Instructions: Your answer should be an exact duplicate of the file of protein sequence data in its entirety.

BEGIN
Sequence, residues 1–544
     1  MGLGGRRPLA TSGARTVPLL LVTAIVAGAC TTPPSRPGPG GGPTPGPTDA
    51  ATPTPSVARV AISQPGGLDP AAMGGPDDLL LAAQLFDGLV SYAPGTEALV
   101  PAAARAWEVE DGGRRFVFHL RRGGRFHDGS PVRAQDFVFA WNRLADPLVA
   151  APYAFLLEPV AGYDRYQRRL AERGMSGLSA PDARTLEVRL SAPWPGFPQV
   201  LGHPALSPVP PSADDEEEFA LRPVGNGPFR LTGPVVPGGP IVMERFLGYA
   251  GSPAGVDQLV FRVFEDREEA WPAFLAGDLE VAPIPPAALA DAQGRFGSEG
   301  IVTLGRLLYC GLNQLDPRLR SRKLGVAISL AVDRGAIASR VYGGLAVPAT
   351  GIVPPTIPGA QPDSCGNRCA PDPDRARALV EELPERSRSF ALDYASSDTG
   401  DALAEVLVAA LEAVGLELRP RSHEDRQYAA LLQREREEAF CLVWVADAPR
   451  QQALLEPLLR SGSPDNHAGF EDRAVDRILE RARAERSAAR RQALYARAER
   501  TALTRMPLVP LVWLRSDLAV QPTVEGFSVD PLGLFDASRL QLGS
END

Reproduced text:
Sequence, residues 1–544
     1  MGLGGRRPLA TSGARTVPLL LVTAIVAGAC TTPPSRPGPG GGPTPGPTDA
    51  ATPTPSVARV AISQPGGLDP AAMGGPDDLL LAAQLFDGLV SYAPGTEALV
   101  PAAARAWEVE DGGRRFVFHL RRGGRFHDGS PVRAQDFVFA WNRLADPLVA
   151  APYAFLLEPV AGYDRYQRRL AERGMSGLSA PDARTLEVRL SAPWPGFPQV
   201  LGHPALSPVP PSADDEEEFA LRPVGNGPFR LTGPVVPGGP IVMERFLGYA
   251  GSPAGVDQLV FRVFEDREEA WPAFLAGDLE VAPIPPAALA DAQGRFGSEG
   301  IVTLGRLLYC GLNQLDPRLR SRKLGVAISL AVDRGAIASR VYGGLAVPAT
   351  GIVPPTIPGA QPDSCGNRCA PDPDRARALV EELPERSRSF ALDYASSDTG
   401  DALAEVLVAA LEAVGLELRP RSHEDRQYAA LLQREREEAF CLVWVADAPR
   451  QQALLEPLLR SGSPDNHAGF EDRAVDRILE RARAERSAAR RQALYARAER
   501  TALTRMPLVP LVWLRSDLAV QPTVEGFSVD PLGLFDASRL QLGS